Another dot in the blogosphere?

Five for five (Part 4)

Posted on: October 4, 2019

This is the second-last part of my answers to five questions on being an independent worker.
 

 
Your portfolio: What is in it, where is it, and how do people find it/you?

If you do not already have a portfolio, here is an alternate question: How large is your network or how extensive are your connections?

Even if you have a list of potential clients and partners, do not expect them to be loyal to you. Departments whose responsibility it is train or provide professional development seem to have budgets that shrink every year.

You need to advertise yourself to agencies that do not already know you. You need a portfolio. People need to find out what you do, what value you offer them, how to contact you, and what your fees are.

Mine is this blog and its various sections (see the navigation bar for the desktop browser or the drop down in the mobile browser). I do not claim to have exemplary practice. I only claim to share openly when I can.

The people who are looking have a problem that needs solving. You need to be the piece(s) in the puzzle that helps them see the whole picture. You will likely have encouraging conversations with such people because you will probably think alike.

Unfortunately, these people will hand the next phase of information gathering and negotiation to an administrative group of people. The latter group tends to only see in numbers, e.g., total cost, number of participants, cost per head, how many sessions, etc. Oh, and can you do a followup or two for free?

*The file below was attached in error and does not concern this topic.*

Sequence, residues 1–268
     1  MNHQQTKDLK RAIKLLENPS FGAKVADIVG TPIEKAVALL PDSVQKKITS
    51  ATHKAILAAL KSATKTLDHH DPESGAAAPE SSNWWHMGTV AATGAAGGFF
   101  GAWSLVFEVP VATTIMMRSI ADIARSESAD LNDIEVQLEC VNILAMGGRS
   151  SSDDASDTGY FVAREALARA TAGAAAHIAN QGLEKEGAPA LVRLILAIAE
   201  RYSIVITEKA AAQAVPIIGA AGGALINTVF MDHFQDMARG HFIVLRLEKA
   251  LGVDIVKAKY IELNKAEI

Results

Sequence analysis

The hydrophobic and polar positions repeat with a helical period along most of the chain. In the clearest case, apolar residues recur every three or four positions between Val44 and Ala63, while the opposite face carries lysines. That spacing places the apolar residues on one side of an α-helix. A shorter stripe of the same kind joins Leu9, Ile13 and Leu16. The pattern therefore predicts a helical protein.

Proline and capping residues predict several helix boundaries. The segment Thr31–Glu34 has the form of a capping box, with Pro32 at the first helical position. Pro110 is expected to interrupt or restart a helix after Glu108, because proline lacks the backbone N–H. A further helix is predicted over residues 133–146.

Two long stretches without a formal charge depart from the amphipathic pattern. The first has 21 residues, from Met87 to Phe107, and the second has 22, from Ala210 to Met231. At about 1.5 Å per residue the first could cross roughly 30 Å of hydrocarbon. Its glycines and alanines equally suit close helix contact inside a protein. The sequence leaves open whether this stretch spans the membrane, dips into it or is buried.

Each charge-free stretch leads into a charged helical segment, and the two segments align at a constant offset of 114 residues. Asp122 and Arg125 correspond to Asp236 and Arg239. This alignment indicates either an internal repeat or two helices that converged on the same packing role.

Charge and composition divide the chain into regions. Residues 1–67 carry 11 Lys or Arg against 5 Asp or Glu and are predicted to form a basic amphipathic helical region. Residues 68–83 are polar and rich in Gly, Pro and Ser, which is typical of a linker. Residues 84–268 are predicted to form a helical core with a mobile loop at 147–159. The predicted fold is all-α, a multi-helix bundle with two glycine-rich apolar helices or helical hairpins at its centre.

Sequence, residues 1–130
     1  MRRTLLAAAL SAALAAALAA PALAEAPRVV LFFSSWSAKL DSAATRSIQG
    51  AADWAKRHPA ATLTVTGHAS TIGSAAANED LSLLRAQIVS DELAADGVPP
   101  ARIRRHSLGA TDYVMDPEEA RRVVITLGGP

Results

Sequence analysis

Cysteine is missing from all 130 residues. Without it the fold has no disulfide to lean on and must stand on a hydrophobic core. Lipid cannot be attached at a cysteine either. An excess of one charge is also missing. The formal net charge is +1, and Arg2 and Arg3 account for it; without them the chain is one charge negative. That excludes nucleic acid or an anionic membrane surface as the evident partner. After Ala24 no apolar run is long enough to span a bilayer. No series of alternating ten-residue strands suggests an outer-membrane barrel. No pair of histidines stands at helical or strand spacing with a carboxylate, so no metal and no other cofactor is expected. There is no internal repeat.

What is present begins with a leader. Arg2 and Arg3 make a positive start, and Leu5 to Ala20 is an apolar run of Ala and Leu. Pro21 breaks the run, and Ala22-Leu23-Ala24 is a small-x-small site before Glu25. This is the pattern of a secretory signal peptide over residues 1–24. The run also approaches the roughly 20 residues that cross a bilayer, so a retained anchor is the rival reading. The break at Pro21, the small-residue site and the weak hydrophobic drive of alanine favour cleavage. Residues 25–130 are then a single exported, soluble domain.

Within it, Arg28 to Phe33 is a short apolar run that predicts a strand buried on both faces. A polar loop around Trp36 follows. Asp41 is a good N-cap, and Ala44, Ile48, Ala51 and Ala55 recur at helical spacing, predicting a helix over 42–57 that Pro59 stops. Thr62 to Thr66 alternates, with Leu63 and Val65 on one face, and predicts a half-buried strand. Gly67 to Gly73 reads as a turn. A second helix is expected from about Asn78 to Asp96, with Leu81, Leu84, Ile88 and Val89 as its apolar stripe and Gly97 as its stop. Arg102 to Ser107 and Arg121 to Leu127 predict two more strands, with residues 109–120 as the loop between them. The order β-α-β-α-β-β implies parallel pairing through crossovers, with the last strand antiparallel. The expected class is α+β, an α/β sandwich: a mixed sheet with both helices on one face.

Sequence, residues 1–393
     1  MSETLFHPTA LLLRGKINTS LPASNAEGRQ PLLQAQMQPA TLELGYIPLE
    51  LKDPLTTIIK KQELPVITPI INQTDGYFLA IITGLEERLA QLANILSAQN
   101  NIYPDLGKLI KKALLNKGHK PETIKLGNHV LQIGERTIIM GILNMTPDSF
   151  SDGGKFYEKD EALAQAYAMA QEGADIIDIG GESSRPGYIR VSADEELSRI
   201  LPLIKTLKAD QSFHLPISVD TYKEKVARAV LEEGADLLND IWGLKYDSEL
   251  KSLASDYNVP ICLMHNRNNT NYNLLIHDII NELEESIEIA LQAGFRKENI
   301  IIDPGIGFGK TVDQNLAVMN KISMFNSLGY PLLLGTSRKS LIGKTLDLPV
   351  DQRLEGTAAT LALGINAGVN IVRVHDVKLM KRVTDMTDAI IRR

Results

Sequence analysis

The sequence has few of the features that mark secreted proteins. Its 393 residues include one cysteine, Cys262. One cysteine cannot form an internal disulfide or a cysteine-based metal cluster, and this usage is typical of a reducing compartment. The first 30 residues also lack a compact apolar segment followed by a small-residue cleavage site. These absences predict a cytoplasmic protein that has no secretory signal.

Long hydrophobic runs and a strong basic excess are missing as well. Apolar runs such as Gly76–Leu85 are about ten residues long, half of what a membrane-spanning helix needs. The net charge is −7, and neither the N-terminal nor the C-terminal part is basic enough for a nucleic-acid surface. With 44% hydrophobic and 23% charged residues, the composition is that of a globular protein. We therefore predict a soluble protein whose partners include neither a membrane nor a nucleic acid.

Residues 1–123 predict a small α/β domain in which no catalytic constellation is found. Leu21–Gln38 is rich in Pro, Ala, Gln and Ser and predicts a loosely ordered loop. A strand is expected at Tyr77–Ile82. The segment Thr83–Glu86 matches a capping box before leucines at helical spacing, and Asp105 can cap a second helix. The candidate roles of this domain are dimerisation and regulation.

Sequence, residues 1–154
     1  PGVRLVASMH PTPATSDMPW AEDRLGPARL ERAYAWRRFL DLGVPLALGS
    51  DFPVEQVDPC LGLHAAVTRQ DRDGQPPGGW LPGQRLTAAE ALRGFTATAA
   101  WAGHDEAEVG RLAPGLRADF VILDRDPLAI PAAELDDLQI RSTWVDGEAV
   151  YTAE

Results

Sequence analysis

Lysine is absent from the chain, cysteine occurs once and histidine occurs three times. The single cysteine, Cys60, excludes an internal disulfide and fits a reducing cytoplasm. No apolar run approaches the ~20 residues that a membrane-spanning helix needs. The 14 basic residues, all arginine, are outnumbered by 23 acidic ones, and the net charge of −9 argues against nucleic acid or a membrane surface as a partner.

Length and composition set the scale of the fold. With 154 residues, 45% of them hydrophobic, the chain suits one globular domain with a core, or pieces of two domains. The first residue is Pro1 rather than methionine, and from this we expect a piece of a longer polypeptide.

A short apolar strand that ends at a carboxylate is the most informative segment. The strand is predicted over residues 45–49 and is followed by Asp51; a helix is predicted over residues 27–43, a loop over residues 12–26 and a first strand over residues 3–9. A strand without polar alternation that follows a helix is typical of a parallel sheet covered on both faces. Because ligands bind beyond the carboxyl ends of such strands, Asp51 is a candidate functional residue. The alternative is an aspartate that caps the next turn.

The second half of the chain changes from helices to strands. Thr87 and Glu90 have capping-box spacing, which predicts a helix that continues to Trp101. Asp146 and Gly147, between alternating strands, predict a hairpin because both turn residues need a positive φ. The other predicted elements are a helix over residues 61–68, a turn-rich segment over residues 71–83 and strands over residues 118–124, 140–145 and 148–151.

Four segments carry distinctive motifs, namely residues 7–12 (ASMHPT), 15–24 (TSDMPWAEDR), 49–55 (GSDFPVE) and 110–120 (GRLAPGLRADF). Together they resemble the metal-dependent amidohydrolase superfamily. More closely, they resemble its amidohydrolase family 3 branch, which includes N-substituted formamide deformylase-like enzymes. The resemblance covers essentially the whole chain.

If you reveal your fees too quickly in your portfolio or initial communications, expect to not hear from the administrative person again.

Sorry, I got distracted. Back to the portfolio.

Your portfolio should showcase not just your experience and accomplishments but also your worth to others. I do this by reflecting on how my workshops or session went in daily musings. This might help others get inside my head and to figure out if they want to work with me.

While I behave professionally, I pull no punches. I am blunt with what I can do, can not do, and will not do. I am also open with the way I do things — I do not wish to compromise why pedagogy or my principles.

As a consultant or independent worker, you need to figure out what you are comfortable with sharing, but share you must. If you are smart about it, you might appear at or near the top of Google searches. That is how new people find you. But to do that, you must have a platform to share from and something worth sharing.

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